Pennsylvania Worker Fights Union-Only PLAs

On September 17, John Falk and a few companions set off on foot for Washington, D.C. At the end of the journey, they pled with Congress to stop PLA discrimination against union-free workers and firms. Image Credit: Daily Record/Sunday News—Jason Plotkin

Obama Executive Order Denies Union-Free Workers a ‘Fair Shake’

(Source: October 2010 NRTWC Newsletter)

John Falk, a genial 59-year-old glass worker from Red Lion, Pa., made a five-day trek on foot last month from his home state to Capitol Hill in Washington, D.C.

Mr. Falk and the three people who accompanied him — a friend, a fellow worker, and his employer, Debra Zarfoss — walked 89 miles to help mobilize public opposition to federal and state policies that discriminate against union-free employees and businesses.

As Mr. Falk puts it, “We’re not looking for a handout, bailout, or any other special favor. We just want a fair shake.”

Unfortunately, President Barack Obama and most current U.S. congressmen and senators are opposed to letting union-free workers like John Falk compete on a level playing field.

Back in February 2009, one of the first major actions the President took after settling in at the White House was to issue Executive Order 13502, which promotes union-only “project labor agreements” (PLAs) on federally funded public works.

This April, the Federal Acquisition Regulation (FAR) Council published a “final rule” implementing E.O.13502.

‘Job Discrimination Because . . . of a Worker’s Union Membership Is Flat Wrong’

“E.O.13502 pressures federal agencies to acquiesce to PLAs on all large public works,” noted Matthew Leen, vice president of the National Right to Work Committee.

“That means, until further notice, to participate in public works using $25 million or more in federal funds, nonunion companies will have to consent to impose union monopoly bargaining on their employees and hire new workers through discriminatory union hiring halls.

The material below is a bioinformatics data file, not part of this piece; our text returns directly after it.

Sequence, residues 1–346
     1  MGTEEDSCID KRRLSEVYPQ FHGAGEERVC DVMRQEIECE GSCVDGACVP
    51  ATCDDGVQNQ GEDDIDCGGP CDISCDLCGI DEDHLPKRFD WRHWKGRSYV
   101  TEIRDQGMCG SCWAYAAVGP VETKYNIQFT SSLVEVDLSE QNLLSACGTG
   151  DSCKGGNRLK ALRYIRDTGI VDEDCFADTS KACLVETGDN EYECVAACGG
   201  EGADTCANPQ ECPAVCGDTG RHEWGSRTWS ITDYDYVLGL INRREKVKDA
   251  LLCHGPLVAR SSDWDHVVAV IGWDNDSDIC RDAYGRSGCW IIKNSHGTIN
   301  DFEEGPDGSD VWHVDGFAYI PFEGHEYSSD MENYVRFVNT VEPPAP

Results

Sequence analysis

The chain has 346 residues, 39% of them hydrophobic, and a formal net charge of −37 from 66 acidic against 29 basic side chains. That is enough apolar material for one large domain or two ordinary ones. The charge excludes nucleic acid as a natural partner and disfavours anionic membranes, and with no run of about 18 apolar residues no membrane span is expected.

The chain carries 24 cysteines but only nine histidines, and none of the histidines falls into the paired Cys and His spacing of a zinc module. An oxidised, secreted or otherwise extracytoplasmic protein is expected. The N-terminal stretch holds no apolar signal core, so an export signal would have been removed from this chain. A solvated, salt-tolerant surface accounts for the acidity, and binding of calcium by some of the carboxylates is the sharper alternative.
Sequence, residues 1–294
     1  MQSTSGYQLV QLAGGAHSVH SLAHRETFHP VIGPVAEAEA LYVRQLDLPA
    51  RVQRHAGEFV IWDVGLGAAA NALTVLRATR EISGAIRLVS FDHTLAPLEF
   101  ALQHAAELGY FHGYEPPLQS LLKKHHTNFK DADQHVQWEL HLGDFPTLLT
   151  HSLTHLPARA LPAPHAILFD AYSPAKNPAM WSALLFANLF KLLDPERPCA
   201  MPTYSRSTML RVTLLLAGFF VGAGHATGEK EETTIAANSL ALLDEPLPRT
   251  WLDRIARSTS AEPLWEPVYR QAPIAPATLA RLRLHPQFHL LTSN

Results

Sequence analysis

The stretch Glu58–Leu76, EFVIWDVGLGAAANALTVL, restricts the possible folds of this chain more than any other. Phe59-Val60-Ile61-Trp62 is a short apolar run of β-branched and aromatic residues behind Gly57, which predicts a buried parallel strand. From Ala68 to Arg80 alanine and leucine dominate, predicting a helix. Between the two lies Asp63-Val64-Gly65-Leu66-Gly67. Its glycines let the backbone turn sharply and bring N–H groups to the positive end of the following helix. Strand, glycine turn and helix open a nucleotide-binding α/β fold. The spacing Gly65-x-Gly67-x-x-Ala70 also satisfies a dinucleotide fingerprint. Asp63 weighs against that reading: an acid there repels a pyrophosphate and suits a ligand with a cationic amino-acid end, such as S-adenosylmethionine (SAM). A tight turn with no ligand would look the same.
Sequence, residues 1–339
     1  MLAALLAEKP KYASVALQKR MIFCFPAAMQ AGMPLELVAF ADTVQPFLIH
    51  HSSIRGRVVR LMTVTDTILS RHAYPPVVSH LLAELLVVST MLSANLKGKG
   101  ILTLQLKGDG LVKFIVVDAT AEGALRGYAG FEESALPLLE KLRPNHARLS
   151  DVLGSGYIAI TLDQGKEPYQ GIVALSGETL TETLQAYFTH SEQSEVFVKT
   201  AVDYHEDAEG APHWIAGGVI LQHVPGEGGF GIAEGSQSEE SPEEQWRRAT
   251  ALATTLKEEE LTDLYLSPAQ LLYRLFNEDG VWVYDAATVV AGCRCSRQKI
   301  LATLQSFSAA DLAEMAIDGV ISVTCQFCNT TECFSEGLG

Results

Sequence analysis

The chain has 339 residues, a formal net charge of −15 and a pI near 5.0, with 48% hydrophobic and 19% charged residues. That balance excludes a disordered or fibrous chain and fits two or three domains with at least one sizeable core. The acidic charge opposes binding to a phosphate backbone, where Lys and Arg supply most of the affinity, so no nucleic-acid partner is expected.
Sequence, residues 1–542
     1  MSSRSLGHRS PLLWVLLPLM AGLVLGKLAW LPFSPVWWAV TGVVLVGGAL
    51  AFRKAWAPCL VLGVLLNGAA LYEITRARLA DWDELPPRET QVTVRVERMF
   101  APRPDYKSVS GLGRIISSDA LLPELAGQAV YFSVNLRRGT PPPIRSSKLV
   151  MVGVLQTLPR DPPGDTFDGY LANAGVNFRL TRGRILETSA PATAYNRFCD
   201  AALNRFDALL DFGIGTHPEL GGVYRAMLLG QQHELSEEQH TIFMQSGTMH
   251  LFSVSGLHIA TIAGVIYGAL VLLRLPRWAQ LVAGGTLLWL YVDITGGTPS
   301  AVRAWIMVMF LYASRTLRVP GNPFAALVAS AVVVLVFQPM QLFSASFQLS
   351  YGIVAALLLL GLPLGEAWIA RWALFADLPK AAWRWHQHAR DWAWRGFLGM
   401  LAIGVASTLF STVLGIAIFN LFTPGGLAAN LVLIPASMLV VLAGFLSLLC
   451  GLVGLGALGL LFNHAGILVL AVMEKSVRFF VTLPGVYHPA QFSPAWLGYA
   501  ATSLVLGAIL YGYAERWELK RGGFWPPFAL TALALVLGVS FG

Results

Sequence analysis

“Independent workers who already have their own retirement funds will nevertheless be forced to contribute to Big Labor-manipulated pension funds.

“Rather than compromise the freedom of their employees and the efficiency of their operations, most independent construction firms will, in most cases, simply refuse to submit bids on federal projects.”

As Mr. Falk points out, the small firm for which he works, Debra’s Glass, is a case in point. Recently, the company had to back off from bidding on a project at a U.S. Army Reserve Center in New Jersey because submission to a PLA was a precondition.

“Eighty-five percent of the workforce in [Pennsylvania] is not in a union,” said Mr. Falk. ” . . . I just want every American worker to have the equal right to bid for a project.”

For him, the problem with PLAs is very simple: “Job discrimination because of a worker’s color, religious affiliation, or union membership is flat wrong, and it’s got to stop.”

Of course, when a PLA sharply reduces the number of bidders on a project, taxpayers’ bills are invariably jacked up.

Mr. Leen specified: “The nonpartisan, Boston-based Beacon Hill Institute estimates that construction costs will be inflated by at least 12% to 18% on every project that uses a PLA as a result of E.O.13502.”

Battle Likely to Heat up In the 2011-2012 Congress

John Falk and his companions arrived, sore-footed but in high spirits, on Capitol Hill September 21.

They immediately delivered thousands of petitions from freedom-loving citizens around the country who are eager for Congress to pass legislation overturning E.0.13502 and barring discriminatory PLAs on federal taxpayer-funded public works.

“Ever since E.O.13502 was first issued more than a year-and-a-half ago, the Committee has assisted efforts by pro-Right to Work members of Congress to craft and advance legislation revoking this pro-PLA presidential edict,” recalled Mr. Leen.

“In the current Big Labor-controlled Congress, this has been a steeply uphill fight.

“However, if, as recent polls indicate is very possible, Right to Work makes major gains in both chambers of Congress in the November elections, the battle to pass legislation promoting equal competition in federal contracts will intensify in the next Congress.

“Public opposition to union-only PLAs is already intense, and growing more so. Ultimately, even quite a few normally pro-forced unionism members of Congress may decide they don’t want to risk losing their seats by continuing to defend these special-interest schemes.”